Mental health needs of ethnic minority children ‘overlooked’

Agencies, including social services, are "systematically failing" to address the mental health needs of black and minority ethnic (BME) children and young people, according to a report by The Afiya Trust. Picture: Alamy

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Agencies, including social services, are “systematically failing” to address the mental health needs of black and minority ethnic (BME) children and young people, according to a report by The Afiya Trust.

Published yesterday, Enjoy, Achieve and Be Healthy: The Mental Health of Black and Minority Ethnic Children and Young People, found BME children’s mental health needs are overlooked by professionals, and highlighted a lack of data on the issue.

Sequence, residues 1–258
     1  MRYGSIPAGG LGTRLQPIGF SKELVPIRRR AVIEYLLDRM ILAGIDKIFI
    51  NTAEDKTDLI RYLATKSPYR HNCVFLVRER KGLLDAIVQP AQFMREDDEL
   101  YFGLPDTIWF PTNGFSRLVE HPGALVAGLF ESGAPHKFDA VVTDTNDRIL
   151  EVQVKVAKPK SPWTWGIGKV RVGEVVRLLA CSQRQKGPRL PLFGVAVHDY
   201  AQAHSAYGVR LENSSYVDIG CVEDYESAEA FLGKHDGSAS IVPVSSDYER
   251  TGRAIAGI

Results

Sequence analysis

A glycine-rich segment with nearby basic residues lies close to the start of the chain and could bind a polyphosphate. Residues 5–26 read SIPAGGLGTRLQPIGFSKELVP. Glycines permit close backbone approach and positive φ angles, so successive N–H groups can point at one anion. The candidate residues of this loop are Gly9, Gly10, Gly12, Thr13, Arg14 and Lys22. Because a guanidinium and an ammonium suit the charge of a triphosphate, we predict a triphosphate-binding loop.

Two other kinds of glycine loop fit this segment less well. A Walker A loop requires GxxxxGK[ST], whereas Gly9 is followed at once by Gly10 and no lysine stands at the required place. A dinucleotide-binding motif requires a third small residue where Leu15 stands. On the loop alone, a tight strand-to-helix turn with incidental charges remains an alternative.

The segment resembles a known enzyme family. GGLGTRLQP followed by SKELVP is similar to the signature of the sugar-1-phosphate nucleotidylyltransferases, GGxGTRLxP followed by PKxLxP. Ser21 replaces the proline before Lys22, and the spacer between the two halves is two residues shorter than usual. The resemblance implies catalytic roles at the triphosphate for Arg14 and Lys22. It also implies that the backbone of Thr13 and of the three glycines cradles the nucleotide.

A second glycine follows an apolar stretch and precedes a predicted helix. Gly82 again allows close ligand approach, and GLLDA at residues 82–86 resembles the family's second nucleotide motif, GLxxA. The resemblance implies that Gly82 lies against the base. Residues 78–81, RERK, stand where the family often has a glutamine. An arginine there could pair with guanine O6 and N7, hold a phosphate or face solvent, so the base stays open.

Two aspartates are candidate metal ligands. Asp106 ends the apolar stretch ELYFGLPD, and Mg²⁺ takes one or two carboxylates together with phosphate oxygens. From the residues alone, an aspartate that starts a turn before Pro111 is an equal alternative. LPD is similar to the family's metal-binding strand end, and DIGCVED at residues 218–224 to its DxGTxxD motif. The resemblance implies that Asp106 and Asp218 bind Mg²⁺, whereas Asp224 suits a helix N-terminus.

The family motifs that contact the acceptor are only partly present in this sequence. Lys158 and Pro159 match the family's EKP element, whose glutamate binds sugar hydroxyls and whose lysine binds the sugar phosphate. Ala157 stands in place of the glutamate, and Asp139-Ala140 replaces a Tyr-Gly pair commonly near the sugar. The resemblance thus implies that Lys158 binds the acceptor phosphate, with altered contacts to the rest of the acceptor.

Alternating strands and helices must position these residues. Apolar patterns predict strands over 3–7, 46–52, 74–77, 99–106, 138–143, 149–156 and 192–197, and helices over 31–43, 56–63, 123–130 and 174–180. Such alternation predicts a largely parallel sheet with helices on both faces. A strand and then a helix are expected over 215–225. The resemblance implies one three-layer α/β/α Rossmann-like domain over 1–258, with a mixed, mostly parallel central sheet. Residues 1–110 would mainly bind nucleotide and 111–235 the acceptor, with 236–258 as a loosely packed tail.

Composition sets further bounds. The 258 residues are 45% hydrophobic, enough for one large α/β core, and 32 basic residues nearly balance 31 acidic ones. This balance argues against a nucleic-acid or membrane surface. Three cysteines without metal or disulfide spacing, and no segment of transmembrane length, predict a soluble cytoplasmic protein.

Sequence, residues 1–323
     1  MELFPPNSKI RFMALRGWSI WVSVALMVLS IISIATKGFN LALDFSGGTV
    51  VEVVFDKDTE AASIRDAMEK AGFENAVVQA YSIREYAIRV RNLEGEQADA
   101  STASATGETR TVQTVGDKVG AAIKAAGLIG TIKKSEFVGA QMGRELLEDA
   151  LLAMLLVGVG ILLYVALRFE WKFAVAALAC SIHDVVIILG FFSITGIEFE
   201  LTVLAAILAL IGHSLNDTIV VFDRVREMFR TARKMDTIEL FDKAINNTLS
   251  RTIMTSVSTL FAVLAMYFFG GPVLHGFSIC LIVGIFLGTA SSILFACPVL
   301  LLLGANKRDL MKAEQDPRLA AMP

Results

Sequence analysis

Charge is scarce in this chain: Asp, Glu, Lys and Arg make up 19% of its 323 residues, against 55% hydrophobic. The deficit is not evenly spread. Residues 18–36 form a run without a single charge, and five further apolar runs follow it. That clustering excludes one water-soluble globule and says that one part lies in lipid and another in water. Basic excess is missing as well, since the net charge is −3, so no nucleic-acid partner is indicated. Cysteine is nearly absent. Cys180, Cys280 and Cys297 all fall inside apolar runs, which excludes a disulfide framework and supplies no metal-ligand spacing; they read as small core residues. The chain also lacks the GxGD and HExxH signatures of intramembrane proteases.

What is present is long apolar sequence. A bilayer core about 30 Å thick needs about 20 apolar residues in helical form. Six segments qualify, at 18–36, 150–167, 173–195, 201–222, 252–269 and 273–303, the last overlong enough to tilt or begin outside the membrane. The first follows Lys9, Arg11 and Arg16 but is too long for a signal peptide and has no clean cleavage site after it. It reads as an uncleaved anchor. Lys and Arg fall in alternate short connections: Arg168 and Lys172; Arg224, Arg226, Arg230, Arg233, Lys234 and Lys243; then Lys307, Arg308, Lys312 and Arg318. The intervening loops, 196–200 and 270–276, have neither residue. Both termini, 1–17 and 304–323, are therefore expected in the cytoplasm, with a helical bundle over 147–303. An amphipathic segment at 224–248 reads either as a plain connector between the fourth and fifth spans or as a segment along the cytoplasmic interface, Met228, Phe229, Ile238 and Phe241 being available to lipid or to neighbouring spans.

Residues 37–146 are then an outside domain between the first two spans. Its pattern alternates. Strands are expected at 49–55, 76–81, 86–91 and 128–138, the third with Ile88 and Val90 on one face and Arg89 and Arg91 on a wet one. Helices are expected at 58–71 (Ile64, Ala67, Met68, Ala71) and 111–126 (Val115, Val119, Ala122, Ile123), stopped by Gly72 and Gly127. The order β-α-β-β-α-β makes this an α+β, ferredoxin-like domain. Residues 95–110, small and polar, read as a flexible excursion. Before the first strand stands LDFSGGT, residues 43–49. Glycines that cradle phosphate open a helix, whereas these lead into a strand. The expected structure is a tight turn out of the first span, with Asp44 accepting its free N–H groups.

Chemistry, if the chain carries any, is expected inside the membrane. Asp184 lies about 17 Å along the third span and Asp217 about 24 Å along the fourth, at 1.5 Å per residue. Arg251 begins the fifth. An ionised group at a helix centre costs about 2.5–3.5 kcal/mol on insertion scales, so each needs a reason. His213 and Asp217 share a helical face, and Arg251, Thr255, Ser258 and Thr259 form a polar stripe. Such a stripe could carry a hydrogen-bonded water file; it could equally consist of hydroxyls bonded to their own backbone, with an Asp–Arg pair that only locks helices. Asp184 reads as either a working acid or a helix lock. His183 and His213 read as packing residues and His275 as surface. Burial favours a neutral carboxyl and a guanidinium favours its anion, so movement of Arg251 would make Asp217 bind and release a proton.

It pointed out that although recent government research revealed 20% of children are believed to have a mental health problem, it is not know how many are from BME backgrounds.

And despite a breakdown of disorders being available for BME adults, none is available for BME children who face an increased risk of racism, racial harassment and racial bullying, the report found. This has yet to be explained why, the report claimed.

Afiya Trust chief Patrick Vernon, also a member of the ministerial advisory group on the government’s mental health strategy, said the report was commissioned because BME children and young people’s mental health and wellbeing “is being systematically failed by education, criminal justice, health and social care services”.

The report captures the challenges they face, the ineffectiveness of service provision and the woeful lack of the most basic information about them,” he said.

Vernon plans to present the report to care services minister Paul Burstow.

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